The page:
David, is shy, quiet, a bit mousy, and has never dated. He fantasizes about asking a girl out, but can never quite work up the courage to do so. He is troubled by the world around him. His teachers are full of gloom and doom regarding the future, his parents are divorced, and both he and his sister seem to be nothing more than a burden to their mother who after being a housewife and mother for so many years, yearns for a certain amount of her own freedom once again.


So David escapes from his troubled world by wrapping himself up in an old fifties situation comedy called Pleasantville that airs on TV Time which is supposed to be the equivalent of our
TV Land (or what TV Land was supposed to be before it degenerated into the useless cable crap that it is now) Pleasantville is the perfect world that David imagines being a part of because it is a place where everything is always "pleasant.”  And because the family in  the show, The Parkers, seem to be leading the idyllic life he can only dream about, it becomes David’s daily  escape from reality.


Jennifer has her goals as well. Actually it's one goal which renders itself to a lot of different scenarios: Being the most popular girl in school and dating the most popular guy. She intends to achieve this even if it requires a certain amount of moral  looseness. Having David for a geeky brother doesn't help. Jennifer's world would be a lot better place for her if that fact  didn't exist, so much so that she tries not to even acknowledge that it does.

Jennifer's Friend: (speaking about David) Oh my God! He is like so pathetic! I can't believe you're related to him.
Jennifer:
Only on my parent's side.
Jennifer's Friend: Yeah, but you guys are like twins and stuff. You must be from the cool side of the uterus.


And so it is that one Friday night Jennifer is finally able to invite the guy of her dreams over to her house to watch an MTV concert on the very same night that David plans on tuning into a Pleasantville Marathon so that he can win a trivia contest. This also takes place on the evening that their mother (Jane Kaczmarek) is leaving town to be with a younger boyfriend and she departs without nary a word to Jennifer or David.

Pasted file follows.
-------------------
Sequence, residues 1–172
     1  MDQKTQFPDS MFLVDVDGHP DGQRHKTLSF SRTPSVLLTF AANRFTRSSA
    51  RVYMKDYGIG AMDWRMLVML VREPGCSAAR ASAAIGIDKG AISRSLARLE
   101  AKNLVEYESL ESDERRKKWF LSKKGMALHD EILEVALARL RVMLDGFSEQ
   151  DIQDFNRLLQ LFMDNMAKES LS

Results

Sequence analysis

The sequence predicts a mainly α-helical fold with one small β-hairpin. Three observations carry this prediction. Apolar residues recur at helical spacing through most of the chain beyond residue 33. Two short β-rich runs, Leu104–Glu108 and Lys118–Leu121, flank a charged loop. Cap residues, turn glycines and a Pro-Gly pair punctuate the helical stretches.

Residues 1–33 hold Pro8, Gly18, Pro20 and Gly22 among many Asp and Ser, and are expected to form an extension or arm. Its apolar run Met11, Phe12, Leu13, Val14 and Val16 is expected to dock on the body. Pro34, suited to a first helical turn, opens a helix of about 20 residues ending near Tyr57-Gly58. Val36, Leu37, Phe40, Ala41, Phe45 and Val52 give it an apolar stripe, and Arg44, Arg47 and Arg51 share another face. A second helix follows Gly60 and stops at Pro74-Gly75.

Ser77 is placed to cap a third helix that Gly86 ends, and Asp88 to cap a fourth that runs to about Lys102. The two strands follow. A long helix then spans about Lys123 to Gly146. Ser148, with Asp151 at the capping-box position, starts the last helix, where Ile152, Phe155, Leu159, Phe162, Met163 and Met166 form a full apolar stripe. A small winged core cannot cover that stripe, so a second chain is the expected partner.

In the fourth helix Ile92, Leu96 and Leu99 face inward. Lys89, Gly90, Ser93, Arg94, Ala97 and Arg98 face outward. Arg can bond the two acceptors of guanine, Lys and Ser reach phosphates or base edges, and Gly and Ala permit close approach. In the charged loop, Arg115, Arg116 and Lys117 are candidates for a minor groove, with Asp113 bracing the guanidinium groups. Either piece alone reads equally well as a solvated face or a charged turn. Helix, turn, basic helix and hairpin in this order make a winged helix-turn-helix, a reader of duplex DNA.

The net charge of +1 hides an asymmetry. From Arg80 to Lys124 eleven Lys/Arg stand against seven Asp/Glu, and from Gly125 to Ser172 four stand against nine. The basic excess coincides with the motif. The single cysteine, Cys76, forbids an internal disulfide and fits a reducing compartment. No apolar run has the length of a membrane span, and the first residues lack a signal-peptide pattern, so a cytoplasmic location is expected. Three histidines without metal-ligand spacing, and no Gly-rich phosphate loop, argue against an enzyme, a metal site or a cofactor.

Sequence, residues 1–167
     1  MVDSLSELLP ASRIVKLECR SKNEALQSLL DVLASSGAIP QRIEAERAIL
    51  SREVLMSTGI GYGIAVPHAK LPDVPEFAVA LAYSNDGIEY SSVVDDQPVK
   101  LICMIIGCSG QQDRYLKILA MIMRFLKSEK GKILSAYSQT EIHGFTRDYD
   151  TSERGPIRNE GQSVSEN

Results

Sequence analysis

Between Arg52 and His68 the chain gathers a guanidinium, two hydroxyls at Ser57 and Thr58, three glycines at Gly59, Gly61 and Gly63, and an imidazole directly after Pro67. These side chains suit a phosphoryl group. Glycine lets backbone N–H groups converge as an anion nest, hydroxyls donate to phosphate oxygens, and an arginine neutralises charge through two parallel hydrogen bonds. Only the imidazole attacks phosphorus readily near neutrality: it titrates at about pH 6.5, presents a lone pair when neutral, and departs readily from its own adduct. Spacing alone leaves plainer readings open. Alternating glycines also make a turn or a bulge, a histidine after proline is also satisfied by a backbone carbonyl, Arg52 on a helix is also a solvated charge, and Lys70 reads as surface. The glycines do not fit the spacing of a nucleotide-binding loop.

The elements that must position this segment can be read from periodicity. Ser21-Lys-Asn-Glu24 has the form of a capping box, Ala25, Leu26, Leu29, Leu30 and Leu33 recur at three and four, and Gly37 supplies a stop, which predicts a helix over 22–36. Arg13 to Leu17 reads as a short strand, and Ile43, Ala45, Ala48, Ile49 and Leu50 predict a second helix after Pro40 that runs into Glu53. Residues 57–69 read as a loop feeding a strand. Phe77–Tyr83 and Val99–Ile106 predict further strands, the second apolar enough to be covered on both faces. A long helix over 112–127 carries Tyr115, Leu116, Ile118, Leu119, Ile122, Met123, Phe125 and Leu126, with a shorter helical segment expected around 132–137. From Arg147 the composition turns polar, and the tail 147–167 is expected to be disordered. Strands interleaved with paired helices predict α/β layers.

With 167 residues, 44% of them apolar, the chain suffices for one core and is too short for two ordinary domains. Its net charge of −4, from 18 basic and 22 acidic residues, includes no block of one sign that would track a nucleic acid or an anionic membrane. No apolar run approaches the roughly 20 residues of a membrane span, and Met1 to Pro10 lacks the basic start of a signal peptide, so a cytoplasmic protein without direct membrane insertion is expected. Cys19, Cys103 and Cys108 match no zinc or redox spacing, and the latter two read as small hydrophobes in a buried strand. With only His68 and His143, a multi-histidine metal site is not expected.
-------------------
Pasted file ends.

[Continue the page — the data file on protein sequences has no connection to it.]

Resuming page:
Before Jennifer's boyfriend can arrive a tug of war ensues over the
remote control  and as their bad luck would have it, the remote ends up being accidentally thrown against the wall and shattered.  Bad news if that is the only way to turn the TV off and on.

But help arrives mysteriously and almost instantly (as it just about has to with a premise such as this) in the form of
Don Knotts as a TV Repairman.


After subtly giving David a quick trivia quiz on Pleasantville, Don the TV Repair Guy gives them a remote that he says "has a little more oomph in it."

David: Oomph?
Don The Repairman: Sure. A big beautiful set like that. You want something that'll put you right in the show.



As soon as Repairman Knotts has left, David uses the ooomphy remote to switch on the TV which promptly results in another remote tug of war with Jennifer at the same time that two of the characters from Pleasantville, Bud and Mary Sue Parker are having their own tug of war over Mary Sue's transistor radio. Add a little lightning, a whole lot of sparks, and David and Jennifer are zapped right into the TV screen replacing Bud and Mary Sue Parker. Well, not exactly.